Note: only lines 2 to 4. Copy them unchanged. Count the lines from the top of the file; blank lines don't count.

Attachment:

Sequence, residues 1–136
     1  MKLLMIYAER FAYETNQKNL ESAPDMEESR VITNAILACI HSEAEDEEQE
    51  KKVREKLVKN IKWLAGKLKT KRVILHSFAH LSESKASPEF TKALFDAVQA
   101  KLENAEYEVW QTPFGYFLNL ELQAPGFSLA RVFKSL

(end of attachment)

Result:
     1  MKLLMIYAER FAYETNQKNL ESAPDMEESR VITNAILACI HSEAEDEEQE
    51  KKVREKLVKN IKWLAGKLKT KRVILHSFAH LSESKASPEF TKALFDAVQA
   101  KLENAEYEVW QTPFGYFLNL ELQAPGFSLA RVFKSL